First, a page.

Sunday, February 24, 2008

Black Bear Sense of Smell- Earthwatch Trip Notes Part 1

The following is the first part of a random series taken from my notebooks kept during an Earthwatch expedition that took place in 2001 & 2002 in the Appalachian forests of North Carolina.

Our group found out from one of the game wardens that a black bear had been breaking into cars that belonged to campers at a local campground. Signs were palstered everywhere alerting those that camped there not to leave food out near the campsite, which also meant not in your car. You wouldn't think that a bear could pick up the scent of food through a sealed up auto, but think again. It is said that the keen sense of smell in black bears is "seven times greater than that of a bloodhound" and they can detect odors over a mile away.
The bear in question had acquired the scent of a box of pancake mix in one car and shattered the driver's side window by prying its long, thick claws beneath the gasket and the glass. After snacking on the mix it left evidence behind in the form of pancake mix tracks as seen in the photo.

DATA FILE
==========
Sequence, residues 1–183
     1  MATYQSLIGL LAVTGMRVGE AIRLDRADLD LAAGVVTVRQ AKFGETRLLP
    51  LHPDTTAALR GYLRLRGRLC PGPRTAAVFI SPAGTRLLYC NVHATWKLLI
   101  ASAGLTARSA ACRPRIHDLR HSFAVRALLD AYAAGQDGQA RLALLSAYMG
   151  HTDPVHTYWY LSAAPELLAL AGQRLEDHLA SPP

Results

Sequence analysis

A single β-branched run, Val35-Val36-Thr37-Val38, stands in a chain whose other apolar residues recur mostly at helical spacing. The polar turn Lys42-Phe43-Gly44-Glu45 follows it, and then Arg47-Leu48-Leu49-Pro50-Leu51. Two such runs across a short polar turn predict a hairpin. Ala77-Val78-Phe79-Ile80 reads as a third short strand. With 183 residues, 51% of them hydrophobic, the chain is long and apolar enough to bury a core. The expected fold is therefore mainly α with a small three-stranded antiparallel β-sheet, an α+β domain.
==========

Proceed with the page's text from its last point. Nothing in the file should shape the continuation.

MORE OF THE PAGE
A bear trap on wheels known as a culvert trap was put in place in the parking area that was baited with a bag of food inside to encourage the bear to enter. Once it pulls on the bag it trips the door, safely containing the bear. We found out later that it succeeded in capturing it, which was then transported to an undisclosed area and released.


Blogger Texas Travelers said...

Either bears have a tremendous sense of smell or they can read labels.

Short story: We were tent camping in Yosemite N.P. many years ago. We always left our food and cooler locked up in the pickup and we always placed a moth ball at each corner of the tent. We have camped with bears a lot and never had them bother us.

We got up the next morning and the family next to us rushed over to see if the bears had destroyed our cooler and camp box like it did theirs. They had quite a few cans of corn and green beans. The bears bit into every can of corn and licked up the sweet syrup and didn't touch a can of green beans.

Either there was a faint residual smell of corn on the labels, detectable by their great sense of smell, or they really can read labels.

I like your bear story.

4:59 PM  
Blogger Jace Stansbury said...

Funny story...

First time I've ever heard of the moth ball trick.

6:43 PM  

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